On July 18, 2018, the European Commission announced a new €4.34 billion fine over Android and ordered Google to change how it licenses Android software. This is the second Commission fine for Google in roughly a year—the other was over Google’s comparison shopping service and that fine was €2.42 billion. You can connect those two points with a line and Google can’t like what that looks like.
This is another exercise in platform engineering by antitrust authorities. The new decision makes a statement about acceptable entry paths for dominant firms. Google offered a new business model for operating system software and the Commission didn’t like the way it would extend Google’s dominant position in desktop search into mobile. There is an element of truth there, but the Commission also appears to undervalue the virtues of business model competition, at least based on what we see from the choices that consumers actually made.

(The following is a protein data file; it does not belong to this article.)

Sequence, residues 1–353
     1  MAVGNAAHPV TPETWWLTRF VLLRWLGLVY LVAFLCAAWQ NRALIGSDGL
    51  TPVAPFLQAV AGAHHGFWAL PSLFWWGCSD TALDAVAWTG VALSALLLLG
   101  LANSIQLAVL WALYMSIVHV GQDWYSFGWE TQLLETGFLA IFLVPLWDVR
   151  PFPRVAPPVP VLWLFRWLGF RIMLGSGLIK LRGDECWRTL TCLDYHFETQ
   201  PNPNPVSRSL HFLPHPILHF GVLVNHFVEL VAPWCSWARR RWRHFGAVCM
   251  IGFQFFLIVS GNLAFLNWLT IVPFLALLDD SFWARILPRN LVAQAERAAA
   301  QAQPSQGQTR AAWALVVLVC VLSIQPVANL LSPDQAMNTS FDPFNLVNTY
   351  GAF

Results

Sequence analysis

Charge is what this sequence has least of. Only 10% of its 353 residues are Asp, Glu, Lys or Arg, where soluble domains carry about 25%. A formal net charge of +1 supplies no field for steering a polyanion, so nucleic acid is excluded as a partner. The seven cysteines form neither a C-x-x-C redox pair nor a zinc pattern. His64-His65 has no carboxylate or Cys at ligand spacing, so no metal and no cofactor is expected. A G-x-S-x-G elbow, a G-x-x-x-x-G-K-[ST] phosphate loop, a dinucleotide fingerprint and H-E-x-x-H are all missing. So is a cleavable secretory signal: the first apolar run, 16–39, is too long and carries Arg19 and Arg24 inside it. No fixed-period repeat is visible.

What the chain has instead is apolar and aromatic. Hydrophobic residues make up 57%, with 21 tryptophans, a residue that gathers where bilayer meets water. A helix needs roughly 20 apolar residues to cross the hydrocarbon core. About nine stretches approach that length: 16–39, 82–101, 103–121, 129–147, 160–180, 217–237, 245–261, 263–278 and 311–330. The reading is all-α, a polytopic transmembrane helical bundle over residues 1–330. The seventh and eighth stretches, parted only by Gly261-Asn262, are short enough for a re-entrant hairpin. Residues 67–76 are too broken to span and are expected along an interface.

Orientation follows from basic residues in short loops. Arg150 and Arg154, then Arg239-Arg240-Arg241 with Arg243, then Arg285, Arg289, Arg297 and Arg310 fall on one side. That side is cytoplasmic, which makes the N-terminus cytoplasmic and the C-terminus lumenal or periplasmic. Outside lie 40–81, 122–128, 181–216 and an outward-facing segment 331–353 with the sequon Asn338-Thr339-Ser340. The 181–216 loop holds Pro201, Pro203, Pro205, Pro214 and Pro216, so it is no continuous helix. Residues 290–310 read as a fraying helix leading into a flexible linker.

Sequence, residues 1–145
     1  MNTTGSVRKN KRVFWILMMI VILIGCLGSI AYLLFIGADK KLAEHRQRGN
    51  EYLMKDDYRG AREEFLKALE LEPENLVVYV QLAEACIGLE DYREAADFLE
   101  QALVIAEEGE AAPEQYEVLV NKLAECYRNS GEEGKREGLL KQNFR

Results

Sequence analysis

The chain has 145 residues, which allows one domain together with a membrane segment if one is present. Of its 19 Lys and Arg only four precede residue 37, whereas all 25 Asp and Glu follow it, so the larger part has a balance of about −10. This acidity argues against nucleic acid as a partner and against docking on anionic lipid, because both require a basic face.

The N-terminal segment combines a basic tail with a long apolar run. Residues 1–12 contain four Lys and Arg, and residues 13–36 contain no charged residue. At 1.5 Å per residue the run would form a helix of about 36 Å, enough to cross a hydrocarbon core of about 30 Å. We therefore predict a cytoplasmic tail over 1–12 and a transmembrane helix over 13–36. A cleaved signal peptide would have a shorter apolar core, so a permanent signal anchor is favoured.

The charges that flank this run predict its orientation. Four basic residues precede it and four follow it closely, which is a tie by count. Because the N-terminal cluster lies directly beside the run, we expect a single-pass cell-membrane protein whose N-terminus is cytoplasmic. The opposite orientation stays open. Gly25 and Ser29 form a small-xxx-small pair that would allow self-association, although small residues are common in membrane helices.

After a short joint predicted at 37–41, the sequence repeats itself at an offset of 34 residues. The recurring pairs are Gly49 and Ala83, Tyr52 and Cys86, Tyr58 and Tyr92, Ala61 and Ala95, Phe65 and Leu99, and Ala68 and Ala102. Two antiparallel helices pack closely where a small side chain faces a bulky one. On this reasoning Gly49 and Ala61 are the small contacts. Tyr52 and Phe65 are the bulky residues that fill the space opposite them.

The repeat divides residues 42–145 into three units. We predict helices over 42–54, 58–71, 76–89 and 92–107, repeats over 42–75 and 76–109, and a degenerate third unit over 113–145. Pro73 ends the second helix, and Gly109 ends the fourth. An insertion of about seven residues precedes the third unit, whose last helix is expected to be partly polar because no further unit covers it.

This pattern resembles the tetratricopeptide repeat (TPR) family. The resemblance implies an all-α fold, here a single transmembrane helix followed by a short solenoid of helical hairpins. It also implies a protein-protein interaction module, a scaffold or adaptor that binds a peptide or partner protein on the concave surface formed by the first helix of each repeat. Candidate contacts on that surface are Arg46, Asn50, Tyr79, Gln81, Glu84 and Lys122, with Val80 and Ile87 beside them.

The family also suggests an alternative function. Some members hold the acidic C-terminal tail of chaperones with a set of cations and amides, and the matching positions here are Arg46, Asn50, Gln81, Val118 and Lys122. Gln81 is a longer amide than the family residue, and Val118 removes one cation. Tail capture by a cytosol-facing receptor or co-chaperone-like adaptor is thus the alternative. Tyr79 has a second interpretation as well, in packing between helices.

In the new Android case, the Commission found that Google had impermissibly tied its Google Play Store to the Google Search app and to its Chrome browser. Android is a mix of open-source software and proprietary software owned by Google. The Google Play store belongs to Google and the Commission concluded that it has become dominant among competing Android stores. The fact that it is dominant isn’t the issue; rather the Commission is concerned with how Google has used that dominant position. The Commission found that Google had insisted that Android handset makers pre-install the Google Search app and Chrome in order to get Google Play, and handset makers wanted Google Play. Antitrust lawyers call that tying.
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